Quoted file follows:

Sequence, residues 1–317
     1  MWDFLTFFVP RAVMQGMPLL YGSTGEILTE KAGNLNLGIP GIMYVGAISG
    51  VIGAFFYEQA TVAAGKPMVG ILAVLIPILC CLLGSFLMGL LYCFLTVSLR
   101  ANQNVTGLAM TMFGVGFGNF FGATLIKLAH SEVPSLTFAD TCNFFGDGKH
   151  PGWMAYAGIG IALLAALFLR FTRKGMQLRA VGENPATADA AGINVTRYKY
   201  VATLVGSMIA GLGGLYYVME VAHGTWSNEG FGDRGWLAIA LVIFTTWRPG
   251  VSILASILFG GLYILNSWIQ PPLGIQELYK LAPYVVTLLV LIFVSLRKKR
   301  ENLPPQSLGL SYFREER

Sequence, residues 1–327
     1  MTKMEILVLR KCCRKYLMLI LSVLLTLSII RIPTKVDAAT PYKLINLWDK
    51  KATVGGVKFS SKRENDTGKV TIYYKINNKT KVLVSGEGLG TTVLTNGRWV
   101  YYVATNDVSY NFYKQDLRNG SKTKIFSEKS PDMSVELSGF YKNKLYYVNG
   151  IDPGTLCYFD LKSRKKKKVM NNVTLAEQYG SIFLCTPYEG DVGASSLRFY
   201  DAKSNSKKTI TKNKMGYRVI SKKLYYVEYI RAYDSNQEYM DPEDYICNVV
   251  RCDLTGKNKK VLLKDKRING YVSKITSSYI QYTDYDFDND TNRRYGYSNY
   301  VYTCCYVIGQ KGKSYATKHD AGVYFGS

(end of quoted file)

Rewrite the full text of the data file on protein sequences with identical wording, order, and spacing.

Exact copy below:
Sequence, residues 1–317
     1  MWDFLTFFVP RAVMQGMPLL YGSTGEILTE KAGNLNLGIP GIMYVGAISG
    51  VIGAFFYEQA TVAAGKPMVG ILAVLIPILC CLLGSFLMGL LYCFLTVSLR
   101  ANQNVTGLAM TMFGVGFGNF FGATLIKLAH SEVPSLTFAD TCNFFGDGKH
   151  PGWMAYAGIG IALLAALFLR FTRKGMQLRA VGENPATADA AGINVTRYKY
   201  VATLVGSMIA GLGGLYYVME VAHGTWSNEG FGDRGWLAIA LVIFTTWRPG
   251  VSILASILFG GLYILNSWIQ PPLGIQELYK LAPYVVTLLV LIFVSLRKKR
   301  ENLPPQSLGL SYFREER

Sequence, residues 1–327
     1  MTKMEILVLR KCCRKYLMLI LSVLLTLSII RIPTKVDAAT PYKLINLWDK
    51  KATVGGVKFS SKRENDTGKV TIYYKINNKT KVLVSGEGLG TTVLTNGRWV
   101  YYVATNDVSY NFYKQDLRNG SKTKIFSEKS PDMSVELSGF YKNKLYYVNG
   151  IDPGTLCYFD LKSRKKKKVM NNVTLAEQYG SIFLCTPYEG DVGASSLRFY
   201  DAKSNSKKTI TKNKMGYRVI SKKLYYVEYI RAYDSNQEYM DPEDYICNVV
   251  RCDLTGKNKK VLLKDKRING YVSKITSSYI QYTDYDFDND TNRRYGYSNY
   301  VYTCCYVIGQ KGKSYATKHD AGVYFGS